Not only has the Washington football team filed a lawsuit against the five Native Americans who took their case to the Patent and Trademark Office board, their reason for doing so is simply breathtaking in its audacity.
The team, which has used Redskins as part of its name since 1933, says in court papers that the patent office board was wrong and that its trademarks are proper because the term was not offensive when the trademarks were registered. The team says canceling the trademarks, which were registered between 1967 and 1990, would violate the Constitution.
Lawyers for the five Native Americans argue that the Redskins’ lawsuit against them should be dismissed because the team’s real dispute is with the patent office.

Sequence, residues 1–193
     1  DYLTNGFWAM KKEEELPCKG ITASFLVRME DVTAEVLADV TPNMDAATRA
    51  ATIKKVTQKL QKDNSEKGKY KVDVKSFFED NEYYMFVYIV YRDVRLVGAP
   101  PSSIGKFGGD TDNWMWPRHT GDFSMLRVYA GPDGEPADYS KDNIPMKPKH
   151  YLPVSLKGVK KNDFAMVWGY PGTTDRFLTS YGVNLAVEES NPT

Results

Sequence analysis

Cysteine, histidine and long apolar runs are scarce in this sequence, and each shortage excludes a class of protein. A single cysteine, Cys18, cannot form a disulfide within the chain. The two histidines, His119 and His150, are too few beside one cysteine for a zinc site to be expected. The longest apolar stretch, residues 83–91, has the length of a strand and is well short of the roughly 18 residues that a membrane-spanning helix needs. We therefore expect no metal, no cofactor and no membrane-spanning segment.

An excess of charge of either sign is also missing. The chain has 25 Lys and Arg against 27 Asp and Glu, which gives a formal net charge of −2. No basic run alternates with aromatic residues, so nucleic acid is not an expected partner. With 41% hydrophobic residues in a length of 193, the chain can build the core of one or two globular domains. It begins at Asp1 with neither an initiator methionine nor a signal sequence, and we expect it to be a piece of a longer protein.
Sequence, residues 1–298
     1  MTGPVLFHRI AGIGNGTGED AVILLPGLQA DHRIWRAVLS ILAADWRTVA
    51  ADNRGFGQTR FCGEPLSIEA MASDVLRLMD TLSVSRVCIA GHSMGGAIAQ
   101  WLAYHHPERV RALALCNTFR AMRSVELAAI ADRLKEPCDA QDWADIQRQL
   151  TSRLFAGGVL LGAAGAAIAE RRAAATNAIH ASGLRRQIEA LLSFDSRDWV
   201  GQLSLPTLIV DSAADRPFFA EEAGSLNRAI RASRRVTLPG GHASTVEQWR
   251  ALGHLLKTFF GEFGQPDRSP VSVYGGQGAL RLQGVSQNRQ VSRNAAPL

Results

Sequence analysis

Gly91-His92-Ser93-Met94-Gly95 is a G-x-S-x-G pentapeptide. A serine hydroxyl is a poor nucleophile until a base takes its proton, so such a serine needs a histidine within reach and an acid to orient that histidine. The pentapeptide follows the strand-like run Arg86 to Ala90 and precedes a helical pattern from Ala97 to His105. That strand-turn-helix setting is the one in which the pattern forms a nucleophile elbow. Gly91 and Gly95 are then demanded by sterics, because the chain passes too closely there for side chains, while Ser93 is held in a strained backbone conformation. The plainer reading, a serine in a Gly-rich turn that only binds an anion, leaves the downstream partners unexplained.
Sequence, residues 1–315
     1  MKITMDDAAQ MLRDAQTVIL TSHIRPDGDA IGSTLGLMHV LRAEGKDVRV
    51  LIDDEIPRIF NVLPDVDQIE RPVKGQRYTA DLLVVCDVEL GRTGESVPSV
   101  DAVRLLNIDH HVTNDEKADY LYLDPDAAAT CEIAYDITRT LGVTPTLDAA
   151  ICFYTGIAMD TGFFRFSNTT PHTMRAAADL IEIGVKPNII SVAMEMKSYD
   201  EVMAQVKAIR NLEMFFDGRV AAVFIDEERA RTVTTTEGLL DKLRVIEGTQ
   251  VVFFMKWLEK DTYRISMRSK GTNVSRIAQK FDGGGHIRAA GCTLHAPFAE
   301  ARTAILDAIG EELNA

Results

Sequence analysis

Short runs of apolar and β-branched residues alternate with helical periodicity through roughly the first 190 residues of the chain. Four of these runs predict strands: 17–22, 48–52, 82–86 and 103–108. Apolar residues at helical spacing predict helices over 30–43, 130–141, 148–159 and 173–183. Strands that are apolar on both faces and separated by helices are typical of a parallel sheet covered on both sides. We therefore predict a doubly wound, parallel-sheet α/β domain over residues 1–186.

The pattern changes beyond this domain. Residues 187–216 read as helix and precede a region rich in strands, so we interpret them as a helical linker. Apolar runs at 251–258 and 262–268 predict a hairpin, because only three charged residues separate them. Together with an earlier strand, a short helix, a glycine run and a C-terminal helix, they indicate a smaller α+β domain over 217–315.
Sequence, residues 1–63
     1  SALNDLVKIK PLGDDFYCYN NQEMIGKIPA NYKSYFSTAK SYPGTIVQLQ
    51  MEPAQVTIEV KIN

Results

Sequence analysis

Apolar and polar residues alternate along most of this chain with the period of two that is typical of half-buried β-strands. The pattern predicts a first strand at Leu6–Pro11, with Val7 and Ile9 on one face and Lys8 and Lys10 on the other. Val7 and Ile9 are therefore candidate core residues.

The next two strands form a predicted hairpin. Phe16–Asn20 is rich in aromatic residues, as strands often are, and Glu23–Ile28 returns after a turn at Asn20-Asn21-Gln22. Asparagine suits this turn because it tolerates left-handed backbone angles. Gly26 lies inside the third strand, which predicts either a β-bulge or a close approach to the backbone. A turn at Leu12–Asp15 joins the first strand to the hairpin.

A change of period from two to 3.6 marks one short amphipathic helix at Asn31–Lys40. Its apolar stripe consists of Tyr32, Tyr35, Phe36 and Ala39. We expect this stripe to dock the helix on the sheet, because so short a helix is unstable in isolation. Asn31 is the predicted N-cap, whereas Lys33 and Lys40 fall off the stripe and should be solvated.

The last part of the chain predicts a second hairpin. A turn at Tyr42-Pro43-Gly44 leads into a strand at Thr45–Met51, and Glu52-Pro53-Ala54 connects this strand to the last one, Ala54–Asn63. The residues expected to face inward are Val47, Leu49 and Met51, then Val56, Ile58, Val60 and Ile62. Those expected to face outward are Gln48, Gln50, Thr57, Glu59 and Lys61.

I can think of a lot of names and words that probably weren’t widely considered to be offensive in 1967. At least not widely considered to be offensive among white people.
The team’s lawsuit is based on the idea that minorities shouldn’t be allowed to decide for themselves what is and is not offensive. It’s based on the idea that something only becomes offensive when white people decide that it is.